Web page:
Putting in mosaic tiles has always been a popular option for floor and walls. In general, the tiles are resistant to moisture and stains, which make them perfect for bathrooms and kitchens. And you can arrange the tiles to come up with an intricate design, or even an image. Really old churches have used mosaic tiles to great effect, and you can now have a similar vibe for your home.
One of the advantages of using mosaic tiles is that you can even do the installation yourself. As long as you have some basic DIY skills with the right materials and tools, then it shouldn’t be all that difficult. Even some DIY amateurs can do the job in 5 hours or less.
What You Need to Set Mosaic Tiles?
Here are the materials you need:
- Your mosaic tiles
- Setting-type joint (or thin-set) compound
- Notched trowel
- Mosaic tile cutter
- Piece of plywood
- Sharp utility knife
- Tamping block
- Old toothbrush
How to Set Mosaic Tiles?
With your tools ready, you can start now:
A Perfectly Flat Installation Surface
Any job that involves setting tiny tiles requires that surface to be absolutely flat. If it’s in any way bumpy, then you just won’t succeed.
To do this, get the straightedge to check the installation surface. The straightedge will help you find any sort of deformation on the surface. If you find a dip on a wall, you should then screw a layer of setting-type joint compound over the dip. However, you should use thin-set instead of joint compound if you’re working on your floor, or on a wall with wet areas.
Let the joint compound or thin-set harden, and once that’s done you can now actually set the tiles.
Flattening the Thin-Set
Are you working with thin mosaic tile, or maybe glass mosaic tile that isn’t painted on the back? If that’s the case, use a notched trowel to apply the thin-set.
Then use the flat side of the trowel to flatten the thin-set a bit, before you set the tile. This flattening step keeps the air pockets and ridges from showing through the transparent glass tile. Also, the thin-set will be less likely to squeeze out between the spaces of thin mosaic tile.
Cutting the Sheet of Mosaic Tile
It’s great if you have the best tile cutter for mosaic, but a general tile saw should work.
With most tile saws, the slot in the bed is just too wide, resulting in the small mosaic tiles falling in. This makes the job harder, but there’s a simple solution. Just place a thin scrap of plywood under the sheet of mosaic tile as you’re cutting it.
Just make sure that you adjust the cutting depth of the saw, so you’re not actually cutting into the plywood as well. Once you’ve made your adjustment, then you can just cut the sheet of mosaic tile as you’d normally do.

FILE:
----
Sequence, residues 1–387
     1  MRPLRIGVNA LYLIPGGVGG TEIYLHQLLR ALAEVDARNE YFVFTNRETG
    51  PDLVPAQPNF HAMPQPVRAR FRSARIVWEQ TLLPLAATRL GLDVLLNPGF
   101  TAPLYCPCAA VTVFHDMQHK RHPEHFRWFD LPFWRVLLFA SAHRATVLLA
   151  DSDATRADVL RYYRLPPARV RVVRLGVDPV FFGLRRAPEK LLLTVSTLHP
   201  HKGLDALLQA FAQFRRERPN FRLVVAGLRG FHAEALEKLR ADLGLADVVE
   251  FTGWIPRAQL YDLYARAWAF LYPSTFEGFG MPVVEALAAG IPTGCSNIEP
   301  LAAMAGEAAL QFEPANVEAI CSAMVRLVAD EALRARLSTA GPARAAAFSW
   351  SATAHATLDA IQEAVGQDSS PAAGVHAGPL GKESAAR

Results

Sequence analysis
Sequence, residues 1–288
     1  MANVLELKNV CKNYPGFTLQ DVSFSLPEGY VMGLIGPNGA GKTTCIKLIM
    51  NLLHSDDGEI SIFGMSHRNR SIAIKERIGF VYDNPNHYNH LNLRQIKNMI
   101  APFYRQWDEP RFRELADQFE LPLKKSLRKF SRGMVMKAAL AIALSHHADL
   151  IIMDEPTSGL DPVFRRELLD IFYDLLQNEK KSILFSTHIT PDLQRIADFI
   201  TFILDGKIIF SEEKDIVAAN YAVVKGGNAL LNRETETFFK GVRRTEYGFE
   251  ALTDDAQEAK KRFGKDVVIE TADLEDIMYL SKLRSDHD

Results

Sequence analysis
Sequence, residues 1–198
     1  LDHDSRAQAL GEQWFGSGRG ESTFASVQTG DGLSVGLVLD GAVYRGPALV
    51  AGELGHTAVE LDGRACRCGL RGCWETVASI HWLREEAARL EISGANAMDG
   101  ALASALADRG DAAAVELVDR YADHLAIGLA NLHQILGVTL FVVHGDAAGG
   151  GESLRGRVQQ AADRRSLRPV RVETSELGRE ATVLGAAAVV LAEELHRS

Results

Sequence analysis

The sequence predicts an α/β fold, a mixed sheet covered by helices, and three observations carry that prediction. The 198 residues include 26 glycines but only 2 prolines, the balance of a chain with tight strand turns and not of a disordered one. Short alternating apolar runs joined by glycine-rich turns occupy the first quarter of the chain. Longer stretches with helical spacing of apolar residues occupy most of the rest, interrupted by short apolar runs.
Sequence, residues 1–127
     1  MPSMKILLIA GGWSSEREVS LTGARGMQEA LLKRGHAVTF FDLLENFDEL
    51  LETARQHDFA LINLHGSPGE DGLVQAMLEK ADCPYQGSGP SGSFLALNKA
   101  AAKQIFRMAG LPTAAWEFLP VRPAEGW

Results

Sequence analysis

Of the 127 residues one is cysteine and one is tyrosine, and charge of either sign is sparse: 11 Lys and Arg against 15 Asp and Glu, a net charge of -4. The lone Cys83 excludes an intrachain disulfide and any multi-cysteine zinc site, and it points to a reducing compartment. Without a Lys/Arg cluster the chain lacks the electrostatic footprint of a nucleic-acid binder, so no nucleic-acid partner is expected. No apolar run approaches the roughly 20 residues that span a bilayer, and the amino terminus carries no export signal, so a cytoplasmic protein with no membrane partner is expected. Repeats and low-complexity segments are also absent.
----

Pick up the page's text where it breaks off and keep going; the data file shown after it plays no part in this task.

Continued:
Curves in Mosaic Tiles
It’s very possible that you may need to cut curves in your mosaic tile. That won’t be easy, but it’s doable.
- First, mark the curve on the sheet of mosaic tile.
- Bring the sheet to the saw.
- Remove the individual tiles for cutting.
- Start with straight cuts to remove the bulk of the waste.
- You can also make a series of fingers and them break the fingers off.
- Use the blade of the saw as a grinder to carve along the lines.
Trim the Edges of the Backing
You will have to trim the edges, or else the paper, plastic, or mesh backing that holds the mosaic tiles together can get in your way. The mesh can cause grouting problems if it sticks out into the grout space. And if you have protruding backing, you may not be able to push the adjoining tiles close together.
This means you need your sharp utility knife. Inspect the sheets of mosaic tiles first before you set them, and slice off any excess backing.
Dealing With End Spaces
At some point, you will get to the end of the wall, or up against some sort of object. You’ll then have a gap that’s both too small to fill with tile, but too wide for caulking.
You can spread the rows of tiles a little bit, so you can close the gap. It’s a form of cheating, but it works. Just keep in mind that a bigger gap means you need to spread more rows, so that the adjustments aren’t conspicuous.
Use the utility knife to cut the mesh between the rows. Then use the edge of the trowel to nudge each row into place. Make sure you keep the grout lines even between the rows you’ve spread out.
Use a block to tamp the tiles after setting the sheets into the thin-set. This makes sure that the mosaic tile is fully embedded, and that the tiles are all flush with the other tiles.
While you can get a special tamping block for this, any block of wood can do. Just keep the face free of grout that may scratch your tiles. The face of the block should be parallel to the surface, and bounce the block up and down to set the tiles.
No matter how well you do, you’ll probably still end up with a few bits of thin-set coming out between the tiles. Just wait for the thin-set to firm up a bit, then use the toothbrush to clean the thin-set out of the grout lines.